a descending Rogue with an uppercut to her chin, and then
tattooed the woman's midriff with her knuckles, glad as hell
she had the chance to even accounts.
Rogue slammed a knee into Carol's chin, knocking the fiery-haired
heroine backwards. While she had respite, the mutant rasped,
"Stop it, Carol! Haven't ya gotten it outta your system
Binary blasted herself forward with a burst of starfire thrust
and rammed her shoulder into Rogue's midsection. The two of
them surged forward over acres of land, a good twenty feet
above the ground. "Nope," allowed Carol, and angled
them down to let Rogue take the impact of their crash.
Before she could get off Rogue, Binary took a savate kick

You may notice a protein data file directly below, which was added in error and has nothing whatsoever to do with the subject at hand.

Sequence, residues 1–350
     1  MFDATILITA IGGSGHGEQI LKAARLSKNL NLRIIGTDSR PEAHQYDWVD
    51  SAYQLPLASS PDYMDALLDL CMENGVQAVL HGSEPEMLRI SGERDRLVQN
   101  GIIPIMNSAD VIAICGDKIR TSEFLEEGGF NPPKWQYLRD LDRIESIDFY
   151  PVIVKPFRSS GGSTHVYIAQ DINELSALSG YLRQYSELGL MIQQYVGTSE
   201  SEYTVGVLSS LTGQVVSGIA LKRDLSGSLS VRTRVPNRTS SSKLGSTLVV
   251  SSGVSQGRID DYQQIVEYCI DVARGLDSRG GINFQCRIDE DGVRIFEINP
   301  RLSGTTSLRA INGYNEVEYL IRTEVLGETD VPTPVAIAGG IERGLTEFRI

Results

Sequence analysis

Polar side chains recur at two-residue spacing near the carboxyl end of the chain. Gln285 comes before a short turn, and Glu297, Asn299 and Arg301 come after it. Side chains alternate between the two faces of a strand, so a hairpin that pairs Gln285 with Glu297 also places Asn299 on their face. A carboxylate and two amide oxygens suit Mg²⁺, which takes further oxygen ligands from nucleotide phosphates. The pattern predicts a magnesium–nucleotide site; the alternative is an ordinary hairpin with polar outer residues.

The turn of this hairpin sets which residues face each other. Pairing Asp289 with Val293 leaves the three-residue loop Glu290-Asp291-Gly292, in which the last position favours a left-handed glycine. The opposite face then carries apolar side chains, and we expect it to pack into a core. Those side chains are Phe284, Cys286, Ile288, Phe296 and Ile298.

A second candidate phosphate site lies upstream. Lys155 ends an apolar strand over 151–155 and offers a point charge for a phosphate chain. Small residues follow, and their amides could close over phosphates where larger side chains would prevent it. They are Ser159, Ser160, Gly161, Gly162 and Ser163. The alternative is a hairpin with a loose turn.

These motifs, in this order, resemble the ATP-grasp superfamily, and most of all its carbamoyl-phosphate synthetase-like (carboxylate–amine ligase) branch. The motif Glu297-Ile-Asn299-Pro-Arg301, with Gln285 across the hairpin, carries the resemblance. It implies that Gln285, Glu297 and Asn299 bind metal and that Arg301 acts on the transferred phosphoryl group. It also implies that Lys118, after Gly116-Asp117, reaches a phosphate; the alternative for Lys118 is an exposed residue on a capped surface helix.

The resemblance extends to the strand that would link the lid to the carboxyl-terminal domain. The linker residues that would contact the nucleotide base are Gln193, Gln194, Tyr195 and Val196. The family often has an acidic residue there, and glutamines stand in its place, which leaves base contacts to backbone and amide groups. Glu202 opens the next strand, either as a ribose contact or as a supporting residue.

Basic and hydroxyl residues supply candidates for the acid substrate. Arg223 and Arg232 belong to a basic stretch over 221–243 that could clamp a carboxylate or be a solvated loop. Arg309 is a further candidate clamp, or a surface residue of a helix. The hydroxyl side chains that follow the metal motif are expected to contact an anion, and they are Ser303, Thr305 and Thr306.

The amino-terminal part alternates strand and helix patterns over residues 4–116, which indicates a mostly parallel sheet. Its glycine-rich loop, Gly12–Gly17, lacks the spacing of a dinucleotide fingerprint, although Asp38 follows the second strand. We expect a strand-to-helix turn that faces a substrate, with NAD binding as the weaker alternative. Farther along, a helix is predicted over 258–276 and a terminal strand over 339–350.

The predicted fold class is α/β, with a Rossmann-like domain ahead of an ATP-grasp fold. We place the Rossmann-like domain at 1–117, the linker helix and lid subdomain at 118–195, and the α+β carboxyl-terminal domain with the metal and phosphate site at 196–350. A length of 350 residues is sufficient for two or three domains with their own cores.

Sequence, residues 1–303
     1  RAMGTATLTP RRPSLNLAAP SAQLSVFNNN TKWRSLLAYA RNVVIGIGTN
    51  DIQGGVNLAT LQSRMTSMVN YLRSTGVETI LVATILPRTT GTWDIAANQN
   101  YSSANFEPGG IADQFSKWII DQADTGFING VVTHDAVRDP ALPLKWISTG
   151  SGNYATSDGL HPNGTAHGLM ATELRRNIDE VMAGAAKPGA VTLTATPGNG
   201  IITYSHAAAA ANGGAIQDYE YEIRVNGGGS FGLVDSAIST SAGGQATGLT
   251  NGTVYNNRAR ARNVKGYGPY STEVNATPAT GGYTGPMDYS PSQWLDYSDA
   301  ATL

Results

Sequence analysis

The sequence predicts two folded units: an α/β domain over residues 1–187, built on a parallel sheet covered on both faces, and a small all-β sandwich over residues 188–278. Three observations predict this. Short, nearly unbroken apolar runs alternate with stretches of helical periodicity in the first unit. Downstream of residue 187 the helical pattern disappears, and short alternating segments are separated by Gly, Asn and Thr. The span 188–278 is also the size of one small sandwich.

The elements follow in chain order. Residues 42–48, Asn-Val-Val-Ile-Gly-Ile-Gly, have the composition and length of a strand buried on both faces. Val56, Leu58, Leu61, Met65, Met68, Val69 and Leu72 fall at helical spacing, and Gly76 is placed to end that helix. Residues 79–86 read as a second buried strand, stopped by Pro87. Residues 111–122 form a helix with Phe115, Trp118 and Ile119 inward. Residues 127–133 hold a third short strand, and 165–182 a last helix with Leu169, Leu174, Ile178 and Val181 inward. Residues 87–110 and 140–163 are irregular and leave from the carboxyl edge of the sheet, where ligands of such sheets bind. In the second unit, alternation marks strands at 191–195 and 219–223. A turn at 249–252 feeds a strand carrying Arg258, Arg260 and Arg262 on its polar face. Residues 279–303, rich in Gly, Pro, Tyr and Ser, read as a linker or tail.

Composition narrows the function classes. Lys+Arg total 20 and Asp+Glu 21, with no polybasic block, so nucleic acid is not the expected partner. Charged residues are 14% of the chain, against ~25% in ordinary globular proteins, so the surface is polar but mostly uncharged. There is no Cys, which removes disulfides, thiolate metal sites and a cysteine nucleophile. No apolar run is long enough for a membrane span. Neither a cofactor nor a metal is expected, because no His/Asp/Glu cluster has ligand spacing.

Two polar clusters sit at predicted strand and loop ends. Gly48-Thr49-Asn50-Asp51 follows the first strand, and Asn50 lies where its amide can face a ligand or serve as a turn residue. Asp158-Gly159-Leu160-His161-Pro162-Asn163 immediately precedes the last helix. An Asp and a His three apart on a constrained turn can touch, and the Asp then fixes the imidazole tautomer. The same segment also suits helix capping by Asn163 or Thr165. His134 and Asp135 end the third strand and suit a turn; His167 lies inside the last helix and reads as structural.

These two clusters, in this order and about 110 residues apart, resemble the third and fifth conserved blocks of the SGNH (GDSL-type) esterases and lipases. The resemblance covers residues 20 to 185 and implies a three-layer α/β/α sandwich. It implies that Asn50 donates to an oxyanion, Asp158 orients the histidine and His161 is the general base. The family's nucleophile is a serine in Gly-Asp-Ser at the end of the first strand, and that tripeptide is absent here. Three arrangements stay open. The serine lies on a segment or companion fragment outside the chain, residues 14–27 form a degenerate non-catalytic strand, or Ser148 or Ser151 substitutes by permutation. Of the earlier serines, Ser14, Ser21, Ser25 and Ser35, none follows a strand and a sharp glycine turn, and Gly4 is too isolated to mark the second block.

in the chops. She swore and backed away. Rogue leapt to her
feet and faced her, side-on, one hand outstretched.
"Nuts to this," Binary snapped, and knocked her
off her feet with a low-power plasma burst. Rogue rolled away,
got to her feet, and stamped the fire out of her smouldering
boots. She looked in Carol's direction, and didn't see her
foe where she had been standing.
"Up here, honey," came a voice from above her.
It was accompanied by a fireball.
Rogue jumped, and the ball of flame seared a section of green
grass to blackness.
The Southern mutant-woman ran zigzagging across the sward,
jumping away from Carol's repeated fire-blasts like Daffy
Duck dodging buckshot blasts in an old cartoon. "Dance,
you varmint!" yelled Binary.
In response, Rogue crouched and launched herself into the
sky. A human missle, she intersected Carol's flight-path and
knocked them both out of the sky. They tumbled to the ground,
landed hard, and rolled.
Both of them rolled down a small incline of land over a rock
restraining wall and splashed down into a stream which ran